Si­mon Whit­field Re­tires

Triathlon Magazine Canada - - Warm Up News Spe­cial -

He’sbeen the face of our sport in Canada for over a decade. Si­mon Whit­field, the four-time Olympian (in­clud­ing a gold in Syd­ney and a sil­ver in Bei­jing) and 12-time na­tional cham­pion, of­fi­cially an­nounced his re­tire­ment last Oc­to­ber. Whit­field has be­come a part­ner and head of Fan­tan’s Sports En­ter­tain­ment Divi­sion.

After a dis­ap­point­ing crash in Lon­don put him out of the race, Whit­field had orig­i­nally de­clared that he would shift his fo­cus to long- course rac­ing. As he ref lected on the de­mands re­quired to con­tinue to com­pete, in­clud­ing spend­ing more time away from his fam­ily, Whit­field de­ter­mined it was time to move on.

“That sport is not fi­nan­cially vi­able for a dad of two with bills to pay,” he says. “It’s such a mas­sive com­mit­ment and I couldn’t see how I could tie in ev­ery­thing I’m try­ing to bal­ance in a pro­fes­sional way.”

Does that mean we’ll never see Whit­field com­pete in a long dis­tance race?

“I will do it as a guy who loves to stay fit and has it on my bucket list of things to do,” he says.

Whit­field con­tin­ues to stay fit – he plays soc­cer and bas­ket­ball reg­u­larly and has be­come an avid stand-up pad­dle­boarder. Those ac­tiv­i­ties more than ful­fill his com­pet­i­tive drive. De­spite the dis­ap­point­ment of not fin­ish­ing the race in Lon­don last year, Whit­field doesn’t feel a burn­ing de­sire to com­pete at the sport’s high­est lev­els once again.

“It was such a huge build up for Lon­don. My goal was al­ways to be as pre­pared as pos­si­ble. If that re­sulted in a medal, that was great. It was eas­ier to walk away be­cause I did ev­ery­thing I wanted to. I did have long course goals, but there were trade offs. Car­ry­ing the f lag (which he did at the open­ing cer­e­mony in Lon­don) – I wouldn’t trade that ex­pe­ri­ence for any­thing. It was as ex­cit­ing as win­ning in Syd­ney.”

The fo­cus on prepa­ra­tion rather than an end re­sult helped Whit­field deal with the pres­sure- cooker that was his life ev­ery four years af­ter that sur­prise gold medal in Syd­ney. While he thrived on the pres­sure, hav­ing gone through the process made it that much more dif­fi­cult to see Paula Find­lay’s strug­gles in Lon­don.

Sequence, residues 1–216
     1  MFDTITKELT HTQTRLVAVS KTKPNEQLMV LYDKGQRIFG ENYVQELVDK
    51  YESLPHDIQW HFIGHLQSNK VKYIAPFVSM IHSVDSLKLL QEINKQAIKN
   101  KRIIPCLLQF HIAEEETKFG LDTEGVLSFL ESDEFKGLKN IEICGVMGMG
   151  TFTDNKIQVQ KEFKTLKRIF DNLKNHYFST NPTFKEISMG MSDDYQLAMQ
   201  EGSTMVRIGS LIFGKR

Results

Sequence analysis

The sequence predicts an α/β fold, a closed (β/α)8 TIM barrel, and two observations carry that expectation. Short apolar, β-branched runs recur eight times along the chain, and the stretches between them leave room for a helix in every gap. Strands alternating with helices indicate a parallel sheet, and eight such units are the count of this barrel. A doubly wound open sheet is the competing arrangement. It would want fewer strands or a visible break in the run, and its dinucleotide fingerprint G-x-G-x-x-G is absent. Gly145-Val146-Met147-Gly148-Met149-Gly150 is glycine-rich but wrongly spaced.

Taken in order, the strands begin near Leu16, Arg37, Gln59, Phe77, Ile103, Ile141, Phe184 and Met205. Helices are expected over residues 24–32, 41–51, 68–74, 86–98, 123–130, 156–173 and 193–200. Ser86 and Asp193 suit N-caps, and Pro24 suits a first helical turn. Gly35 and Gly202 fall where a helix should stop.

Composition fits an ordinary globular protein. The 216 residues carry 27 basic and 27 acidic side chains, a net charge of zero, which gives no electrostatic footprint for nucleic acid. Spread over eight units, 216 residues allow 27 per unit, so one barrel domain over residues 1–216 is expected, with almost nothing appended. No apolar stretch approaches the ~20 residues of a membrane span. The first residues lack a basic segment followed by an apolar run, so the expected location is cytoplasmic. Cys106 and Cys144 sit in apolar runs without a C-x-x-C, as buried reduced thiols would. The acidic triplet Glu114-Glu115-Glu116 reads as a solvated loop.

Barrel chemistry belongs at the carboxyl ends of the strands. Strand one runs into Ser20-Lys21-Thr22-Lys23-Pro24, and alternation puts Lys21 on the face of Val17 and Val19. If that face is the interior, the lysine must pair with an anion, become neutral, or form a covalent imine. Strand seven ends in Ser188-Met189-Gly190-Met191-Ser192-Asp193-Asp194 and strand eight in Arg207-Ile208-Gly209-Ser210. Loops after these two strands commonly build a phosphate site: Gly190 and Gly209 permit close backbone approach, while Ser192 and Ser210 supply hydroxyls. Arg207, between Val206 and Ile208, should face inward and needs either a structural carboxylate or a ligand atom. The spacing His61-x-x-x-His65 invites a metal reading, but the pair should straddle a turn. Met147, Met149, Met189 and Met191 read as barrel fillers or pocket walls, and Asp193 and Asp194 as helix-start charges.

“That was by far the most dis­ap­point­ing thing in my ca­reer,” he says. “There were peo­ple from the Olympic as­so­ci­a­tion who re­ally failed her. Peo­ple who failed to be ac­count­able for what, in the end, was a dis­as­trous sit­u­a­tion. When the wheels fell off ev­ery­one jumped ship. It wasn’t right.”

Whit­field’s out­spo­ken com­ments af­ter Find­lay’s race in Lon­don last year were taken as crit­i­cism of Triathlon Canada at the time, but, as Whit­field points out, he was very spe­cific of the peo­ple he felt should be ac­count­able. He looks back now with a lot of re­spect for Alan Triv­ett, Triathlon Canada’s ex­ec­u­tive di­rec­tor, who ac­knowl­edged that Triathlon Canada did “need to take re­spon­si­bil­ity for what tran­spired dur­ing Paula’s Olympic race” and com­mit­ted to make im­prove­ments to the sys­tem.

His com­ments might have an­gered some, but the pub­lic has been more than sup­port­ive. For months af­ter­wards Whit­field was stopped on the street or in air­ports by peo­ple who wanted to tell him how much they re­spected and ap­pre­ci­ated his words af­ter the games. “You’re the guy who stood up for that ath­lete,” he kept hear­ing.

He’s ac­tu­ally the guy who car­ried triathlon to house­hold recog­ni­tion here in Canada for over a decade. Oddly enough, though, Whit­field still feels he owes the sport much more that it owes him.

“I owe the sport an enor­mous amount,” he says. “Look at the op­por­tu­ni­ties it’s given me. I had lunch with the Queen of Eng­land (which is my sin­gle-most “how did I get here mo­ment”) … be­cause Joan and Rudy Hol­ly­wood in­tro­duced me to this won­der­ful sport in 1986. I got here be­cause of this huge, in­cred­i­ble vol­un­teer base who are pas­sion­ate about our sport.”

That in­tro­duc­tion came at a Kids of Steel race put on by the Hol­ly­wood’s at Shar­bot Lake, Ont. While that event helped get him hooked, Whit­field feels that in many ways the sport isn’t as ac­ces­si­ble as it can be and there is more to be done to pro­mote it.

Which is why we can look for­ward to some in­no­va­tive new ways to bring triathlon to the masses some­time soon, cour­tesy of Whit­field. He might not be will­ing to sac­ri­fice all the time and ef­fort it takes to com­pete at the high­est lev­els of our sport any longer, but that doesn’t mean triathlon is out of his life.– KM

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